Sir Lenny Henry has spoken of his joy at being interviewed by former newsreader Sir Trevor McDonald for a programme celebrating his career in comedy as he turns 60.
Sir Lenny, who will reach the milestone on August 29, parodied the famous anchor with a comedy character called Trevor McDoughnut on ITV children’s programme Tiswas in the 1970s.
During one of the character’s spots on the programme, Sir Lenny was famously surprised by his co-presenter Chris Tarrant when he brought Sir Trevor on set while he was performing.
Ahead of his celebratory broadcast, Sir Lenny revealed there was plenty for fans to look forward to when the pair are reunited on-screen.
Sir Lenny said: “You never imagine you’re going to be 60 when you’re a kid. I started when I was 15 years old. So to be 60 years old and having a commemorative show is a real fantastic thing to do.
“And it was a joy to be interviewed by one of my heroes, Trevor McDonald.
“It’s not particularly an archive show. There’s a lot of me talking to Trevor about things that have happened to me back in the day in the present day.
“I talk about my love of music and growing up in Dudley, my audition for New Faces, my relationship with my mum and what it was like to grow up in a Jamaican household and then suddenly having to integrate with a predominately white Dudley.
“It’s quite a wide-ranging conversation. There’s lots of funny things and a lot of serious things too. I think there’s lots to look forward to in the show, but then again I would say that.”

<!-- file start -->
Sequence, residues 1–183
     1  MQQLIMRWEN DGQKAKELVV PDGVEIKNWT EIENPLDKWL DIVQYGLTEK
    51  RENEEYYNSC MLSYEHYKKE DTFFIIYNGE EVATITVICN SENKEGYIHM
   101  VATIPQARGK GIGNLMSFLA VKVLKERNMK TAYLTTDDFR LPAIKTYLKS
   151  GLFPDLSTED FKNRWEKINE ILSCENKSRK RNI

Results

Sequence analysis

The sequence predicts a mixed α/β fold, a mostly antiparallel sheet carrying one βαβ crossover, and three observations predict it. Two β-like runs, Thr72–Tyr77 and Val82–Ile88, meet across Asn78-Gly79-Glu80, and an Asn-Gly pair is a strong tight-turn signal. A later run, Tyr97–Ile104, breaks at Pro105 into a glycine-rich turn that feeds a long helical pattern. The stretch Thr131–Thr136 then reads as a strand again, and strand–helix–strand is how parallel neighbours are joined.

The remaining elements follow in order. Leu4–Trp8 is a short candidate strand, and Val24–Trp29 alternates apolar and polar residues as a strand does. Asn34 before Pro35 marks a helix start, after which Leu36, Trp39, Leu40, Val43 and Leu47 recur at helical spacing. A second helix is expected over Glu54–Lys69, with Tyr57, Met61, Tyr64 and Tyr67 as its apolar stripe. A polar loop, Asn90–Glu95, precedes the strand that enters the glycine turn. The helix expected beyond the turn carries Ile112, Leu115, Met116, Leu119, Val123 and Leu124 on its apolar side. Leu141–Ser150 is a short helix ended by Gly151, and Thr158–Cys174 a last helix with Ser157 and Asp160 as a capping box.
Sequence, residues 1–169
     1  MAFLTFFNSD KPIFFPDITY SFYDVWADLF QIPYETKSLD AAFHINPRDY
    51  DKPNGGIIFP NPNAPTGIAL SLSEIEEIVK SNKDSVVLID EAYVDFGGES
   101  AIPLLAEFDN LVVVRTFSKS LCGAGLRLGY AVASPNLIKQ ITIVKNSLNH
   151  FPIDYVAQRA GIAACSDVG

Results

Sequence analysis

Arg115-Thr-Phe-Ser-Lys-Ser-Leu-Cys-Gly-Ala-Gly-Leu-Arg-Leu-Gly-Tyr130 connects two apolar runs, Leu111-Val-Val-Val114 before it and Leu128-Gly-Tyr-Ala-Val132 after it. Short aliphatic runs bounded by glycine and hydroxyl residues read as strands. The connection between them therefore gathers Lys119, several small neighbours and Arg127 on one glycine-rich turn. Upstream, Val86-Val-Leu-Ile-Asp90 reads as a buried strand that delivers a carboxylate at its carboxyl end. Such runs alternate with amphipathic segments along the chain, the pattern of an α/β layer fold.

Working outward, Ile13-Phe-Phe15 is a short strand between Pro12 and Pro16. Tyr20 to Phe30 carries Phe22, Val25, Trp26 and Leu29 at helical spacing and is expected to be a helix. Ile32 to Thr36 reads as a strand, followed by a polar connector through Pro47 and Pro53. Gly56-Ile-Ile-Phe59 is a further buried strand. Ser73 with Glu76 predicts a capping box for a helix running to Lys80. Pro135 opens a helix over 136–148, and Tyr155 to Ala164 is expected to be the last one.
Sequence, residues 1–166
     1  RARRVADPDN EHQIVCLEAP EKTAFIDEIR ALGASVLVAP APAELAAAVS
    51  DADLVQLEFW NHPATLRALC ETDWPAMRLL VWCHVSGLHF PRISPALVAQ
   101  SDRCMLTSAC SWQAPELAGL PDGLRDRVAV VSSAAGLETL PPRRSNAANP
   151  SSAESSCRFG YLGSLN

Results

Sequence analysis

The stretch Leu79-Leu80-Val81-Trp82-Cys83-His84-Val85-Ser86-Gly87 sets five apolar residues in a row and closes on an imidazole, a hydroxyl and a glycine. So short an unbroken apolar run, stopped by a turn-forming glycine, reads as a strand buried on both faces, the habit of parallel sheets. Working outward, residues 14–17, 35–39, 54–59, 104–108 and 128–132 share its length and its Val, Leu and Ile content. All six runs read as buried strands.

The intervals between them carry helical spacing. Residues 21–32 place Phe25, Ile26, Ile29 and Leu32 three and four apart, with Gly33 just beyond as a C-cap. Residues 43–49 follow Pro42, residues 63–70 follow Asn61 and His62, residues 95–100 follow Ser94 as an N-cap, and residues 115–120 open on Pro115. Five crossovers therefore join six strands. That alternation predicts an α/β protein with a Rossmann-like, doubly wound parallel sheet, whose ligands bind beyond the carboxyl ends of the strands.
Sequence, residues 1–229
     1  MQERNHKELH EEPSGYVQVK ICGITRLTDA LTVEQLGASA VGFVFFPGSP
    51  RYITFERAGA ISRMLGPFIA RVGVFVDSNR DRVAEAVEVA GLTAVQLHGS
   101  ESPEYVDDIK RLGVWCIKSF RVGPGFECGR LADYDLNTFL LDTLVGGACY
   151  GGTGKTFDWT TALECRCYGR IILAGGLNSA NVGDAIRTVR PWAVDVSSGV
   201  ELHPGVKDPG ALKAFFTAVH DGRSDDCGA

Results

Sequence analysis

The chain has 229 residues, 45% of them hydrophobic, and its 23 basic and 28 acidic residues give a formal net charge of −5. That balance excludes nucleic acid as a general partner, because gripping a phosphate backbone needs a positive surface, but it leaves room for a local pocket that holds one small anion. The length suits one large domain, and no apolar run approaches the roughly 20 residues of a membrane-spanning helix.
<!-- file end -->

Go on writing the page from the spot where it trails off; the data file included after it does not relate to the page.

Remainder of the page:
Sir Lenny launched his stand-up career with an appearance on TV talent show New Faces in 1975 when he was still in school.
In July he received a PhD in Media Arts from Royal Holloway, University of London, after completing a course that required him to write an original screenplay.
He was knighted in the Queen’s 2015 Birthday Honours for services to drama and charity.
When asked for what he thought was the secret to being a successful comedian, Sir Lenny replied: “If you are a comic it is really important to know what you like, because then you can transfer that into performance.
“If you’re not watching telly anymore and you’re being a bit lazy, then things don’t spring to mind.
“It’s like when I was a kid, ‘I’m going to do Michael Jackson’. It was a no brainer. And you need to have that when you’re a comedian.”
The Lenny Henry Birthday Show will air on Wednesday on BBC One at 8pm.